8. The vet didn't think that it was ringworm or mange (he checked for mites), and we did a Lyme disease test, which came back negative. He did some other skin tests, but it will take a month to get the results. Short of a fungal sort of problem it appears that she's probably having an allergic reaction to something - so either Lake Michigan, the new brand of dog food, or a local plant that she's rubbed. I'm sooo relieved that it's not Lyme disease (I HATE ticks!!!), but sure hope we can pinpoint the allergy so I can avoid it. I'm also hoping that she'll stop losing so much hair (it's very sad!). He gave her an anti-inflammatory injection to help stop itching and on Friday we get to do a medicated bath... hopefully this thing clears up all the way after that!! I'll let you know what happens.
  9. Thanks for the reply. Regarding diet, as a matter of fact I just changed from Purina to Iams yesterday. Maybe that's what's caused the sudden changes!
  10. I have discovered a skin problem on my border collie. I'll get her into the vet ASAP, but I'm also wondering if anyone can offer any input on the problem. I'm not sure when it started, but it was probably a couple of weeks ago, at least. I recently moved (2 months ago) and some time between now and then I noticed that she was shedding a lot more than I thought was normal, but I thought that maybe I just noticed it more because my new place has hardwood floors (the old had carpet, so you didn't notice the shedded hair as much). But I should have trusted my gut instinct. Today I discovered that the hair on her chest has thinned dramatically in the past couple days - I can see pink skin through it - and the skin around her armpits on both sides (front legs) is red and somewhat raw from licking. I think that these effects are recent, because she is brushed every week and I haven't noticed the redness or thin hair before. She's also began to lick herself frequently and scratch a lot. I didn't notice this until yesterday, so it seems that whatever this problem is got worse this weekend. So no I'm really worried. I don't think it's Ringworm (no ring-like appearance on the irritated skin), but I don't know what else it could be. From the appearance of it, it looks like it could be some kind of Mange, but I'm also wondering if it could be an allergic reaction to Frontline - I put her on Frontline for the first time right after moving (a month ago yesterday), and that does seem to be about when she started shedding badly. Or, worse, could it be a symptom of Lyme disease? She was bitten by three ticks before I put her on Frontline. I don't know what to think. Also, as it's Sunday and the vet's not open, I don't know what to do in the meantime for her. Should I get a plastic collar so she can't lick herself anymore? Does anyone have suggestions?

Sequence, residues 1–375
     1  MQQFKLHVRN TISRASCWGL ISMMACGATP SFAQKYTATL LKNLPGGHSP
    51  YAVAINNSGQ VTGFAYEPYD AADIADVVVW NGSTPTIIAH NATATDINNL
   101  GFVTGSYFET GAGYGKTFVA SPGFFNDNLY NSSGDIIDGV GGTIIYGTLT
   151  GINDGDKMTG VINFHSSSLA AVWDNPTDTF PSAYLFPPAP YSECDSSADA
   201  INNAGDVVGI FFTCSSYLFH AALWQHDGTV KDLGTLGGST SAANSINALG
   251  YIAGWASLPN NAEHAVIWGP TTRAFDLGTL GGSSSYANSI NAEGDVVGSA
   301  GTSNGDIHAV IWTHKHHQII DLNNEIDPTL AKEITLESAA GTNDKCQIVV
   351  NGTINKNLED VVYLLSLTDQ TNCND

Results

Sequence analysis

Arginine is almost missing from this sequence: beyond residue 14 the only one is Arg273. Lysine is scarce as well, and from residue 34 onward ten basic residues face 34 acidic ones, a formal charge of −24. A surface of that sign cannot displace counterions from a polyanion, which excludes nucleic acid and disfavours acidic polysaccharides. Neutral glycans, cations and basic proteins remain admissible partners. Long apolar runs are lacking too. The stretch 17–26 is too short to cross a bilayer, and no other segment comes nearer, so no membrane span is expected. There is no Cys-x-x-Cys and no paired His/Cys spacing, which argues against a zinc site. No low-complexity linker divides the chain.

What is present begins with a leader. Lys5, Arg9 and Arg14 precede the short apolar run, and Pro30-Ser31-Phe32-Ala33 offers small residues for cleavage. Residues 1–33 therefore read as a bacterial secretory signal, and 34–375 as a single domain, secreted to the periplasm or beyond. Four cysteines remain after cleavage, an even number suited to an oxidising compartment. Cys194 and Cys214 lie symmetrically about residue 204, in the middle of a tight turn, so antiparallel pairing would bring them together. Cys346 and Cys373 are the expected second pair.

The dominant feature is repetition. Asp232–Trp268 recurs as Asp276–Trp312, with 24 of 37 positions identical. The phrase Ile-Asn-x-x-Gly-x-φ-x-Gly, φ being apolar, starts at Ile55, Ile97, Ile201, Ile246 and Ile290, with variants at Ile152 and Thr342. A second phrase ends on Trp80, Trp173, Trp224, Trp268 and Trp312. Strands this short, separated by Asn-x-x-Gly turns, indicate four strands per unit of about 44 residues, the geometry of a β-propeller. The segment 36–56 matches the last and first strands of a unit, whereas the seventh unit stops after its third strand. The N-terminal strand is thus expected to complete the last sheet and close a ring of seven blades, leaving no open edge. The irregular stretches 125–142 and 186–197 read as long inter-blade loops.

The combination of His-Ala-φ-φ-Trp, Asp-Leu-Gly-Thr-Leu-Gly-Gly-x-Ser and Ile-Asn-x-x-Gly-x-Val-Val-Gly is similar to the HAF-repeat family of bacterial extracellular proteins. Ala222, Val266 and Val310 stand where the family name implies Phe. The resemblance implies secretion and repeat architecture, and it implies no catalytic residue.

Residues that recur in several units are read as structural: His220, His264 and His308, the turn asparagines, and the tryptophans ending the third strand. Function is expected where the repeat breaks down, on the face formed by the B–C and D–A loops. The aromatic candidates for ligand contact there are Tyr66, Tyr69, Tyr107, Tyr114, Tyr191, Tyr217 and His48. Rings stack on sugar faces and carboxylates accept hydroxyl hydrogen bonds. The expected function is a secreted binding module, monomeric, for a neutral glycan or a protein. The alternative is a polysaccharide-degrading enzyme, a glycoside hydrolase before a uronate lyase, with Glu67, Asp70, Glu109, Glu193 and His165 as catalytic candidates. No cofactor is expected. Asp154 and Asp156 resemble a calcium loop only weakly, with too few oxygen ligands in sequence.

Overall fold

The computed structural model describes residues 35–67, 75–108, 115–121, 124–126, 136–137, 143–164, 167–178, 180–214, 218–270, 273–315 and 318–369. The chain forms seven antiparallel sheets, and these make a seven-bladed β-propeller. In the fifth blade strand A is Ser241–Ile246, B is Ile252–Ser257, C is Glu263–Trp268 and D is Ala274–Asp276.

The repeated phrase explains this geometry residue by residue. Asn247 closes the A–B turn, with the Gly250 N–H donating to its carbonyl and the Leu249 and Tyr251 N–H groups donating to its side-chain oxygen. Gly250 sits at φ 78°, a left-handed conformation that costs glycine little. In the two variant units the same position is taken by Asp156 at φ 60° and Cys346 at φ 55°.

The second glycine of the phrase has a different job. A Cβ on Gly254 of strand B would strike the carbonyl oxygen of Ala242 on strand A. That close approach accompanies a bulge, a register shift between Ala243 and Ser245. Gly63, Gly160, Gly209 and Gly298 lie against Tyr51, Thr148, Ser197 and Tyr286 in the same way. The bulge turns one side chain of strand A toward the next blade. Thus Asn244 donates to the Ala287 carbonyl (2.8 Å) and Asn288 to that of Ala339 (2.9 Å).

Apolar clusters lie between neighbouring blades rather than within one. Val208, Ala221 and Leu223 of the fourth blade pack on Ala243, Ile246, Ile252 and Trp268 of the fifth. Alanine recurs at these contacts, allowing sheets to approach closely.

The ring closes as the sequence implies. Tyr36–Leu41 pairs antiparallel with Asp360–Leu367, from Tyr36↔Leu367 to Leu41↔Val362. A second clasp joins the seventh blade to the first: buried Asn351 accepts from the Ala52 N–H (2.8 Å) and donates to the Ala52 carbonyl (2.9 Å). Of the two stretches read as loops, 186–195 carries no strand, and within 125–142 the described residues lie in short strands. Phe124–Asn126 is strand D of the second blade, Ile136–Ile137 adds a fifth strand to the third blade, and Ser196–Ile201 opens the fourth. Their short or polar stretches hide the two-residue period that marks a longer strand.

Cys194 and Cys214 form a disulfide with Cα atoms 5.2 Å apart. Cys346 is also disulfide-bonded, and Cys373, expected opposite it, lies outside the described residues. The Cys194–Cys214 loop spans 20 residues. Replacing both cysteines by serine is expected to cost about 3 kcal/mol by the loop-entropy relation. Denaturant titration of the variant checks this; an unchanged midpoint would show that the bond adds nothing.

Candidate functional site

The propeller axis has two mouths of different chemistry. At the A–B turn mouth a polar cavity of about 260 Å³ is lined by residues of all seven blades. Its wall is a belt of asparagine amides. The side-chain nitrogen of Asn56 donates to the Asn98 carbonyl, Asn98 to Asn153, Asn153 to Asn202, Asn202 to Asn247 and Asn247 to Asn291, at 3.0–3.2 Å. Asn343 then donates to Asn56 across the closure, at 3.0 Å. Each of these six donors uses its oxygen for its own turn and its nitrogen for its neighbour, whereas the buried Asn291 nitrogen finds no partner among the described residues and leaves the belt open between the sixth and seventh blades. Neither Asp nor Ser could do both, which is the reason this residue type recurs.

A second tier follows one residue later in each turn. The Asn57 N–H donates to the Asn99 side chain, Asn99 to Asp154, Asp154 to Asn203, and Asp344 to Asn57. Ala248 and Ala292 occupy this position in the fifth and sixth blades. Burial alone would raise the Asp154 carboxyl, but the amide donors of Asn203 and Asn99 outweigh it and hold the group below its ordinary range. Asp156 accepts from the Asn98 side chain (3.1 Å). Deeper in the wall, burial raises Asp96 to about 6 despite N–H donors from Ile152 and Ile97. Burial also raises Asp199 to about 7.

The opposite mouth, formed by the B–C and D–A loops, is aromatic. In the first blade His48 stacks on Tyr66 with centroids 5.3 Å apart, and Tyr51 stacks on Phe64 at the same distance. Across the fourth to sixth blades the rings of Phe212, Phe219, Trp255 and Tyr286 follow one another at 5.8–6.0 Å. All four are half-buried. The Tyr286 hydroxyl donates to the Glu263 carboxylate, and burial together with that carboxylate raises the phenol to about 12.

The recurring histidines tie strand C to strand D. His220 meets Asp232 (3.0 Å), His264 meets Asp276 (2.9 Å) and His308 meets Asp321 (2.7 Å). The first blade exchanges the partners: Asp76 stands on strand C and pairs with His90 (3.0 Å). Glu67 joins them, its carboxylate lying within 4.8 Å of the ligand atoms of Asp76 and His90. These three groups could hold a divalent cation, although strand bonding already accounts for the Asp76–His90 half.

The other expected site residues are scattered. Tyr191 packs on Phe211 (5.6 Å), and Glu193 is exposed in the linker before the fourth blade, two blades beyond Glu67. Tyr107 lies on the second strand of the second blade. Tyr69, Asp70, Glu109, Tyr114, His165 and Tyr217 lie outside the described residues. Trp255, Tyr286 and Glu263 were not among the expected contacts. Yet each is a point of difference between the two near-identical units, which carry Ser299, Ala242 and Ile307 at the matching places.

11. Hi everyone. I just moved to Wisconsin from Utah, where we really never had much experience or exposure to ticks. In fact, prior to my moving here, I had never actually seen a real live tick. A week ago, I took my dog on a long walk next to Lake Michigan (I'm just a few blocks away). Much later that evening (probably at least 9 hours later) I found a large engorged tick on her while petting her. Luckily I was able to remove it with tweezers (I'm pretty sure the head was intact too, as it came up with a patch of my dog's skin), but I'm not sure just how long it was there (if it was long enough to transmit disease or not). Today, exactly a week later, I was petting my dog before bed, and lo and behold, another tick!! This one was located so close to the spot on her back where the last one was that I thought it was the same spot! Turned out to be a few cm away. This one I'm fairly certain she just got today (she had a slow day in the house yesterday) and it wasn't engorged much or at all, from what I could tell. As I'm now becoming an expert at self tick removal (eww!) I got my gloves and tweezers and took it off... (it was as gross as the first time) so my questions to all of you are: 1) If anyone on this forum lives in the midwest, and specifically, in southeastern Wisconsin, is it typical to see this many ticks on a regular basis? I've now had 2 ticks in the 3 weeks that I've lived here. Maybe it's because I have such an active dog compared to many, but wow - to go years without ever seeing one to 2 in 3 weeks is a bit alarming... 2) Someone here mentioned a tick shot at the vet; does such a thing really exist? Is it enough to get a shot or would you have to do the shot along with tick collars/sprays/etc.? (And bonus, can anyone recommend their favorite brand of tick product?) 3) From the photos I took I am thinking that these have both been dog ticks (attaching some, and please correct me if I'm wrong about the species!), which means that they wouldn't carry Lyme disease, but could have rocky mountain spotted fever. How long would it take for symptoms of RMSF to emerge? Is it typically fatal to the dog?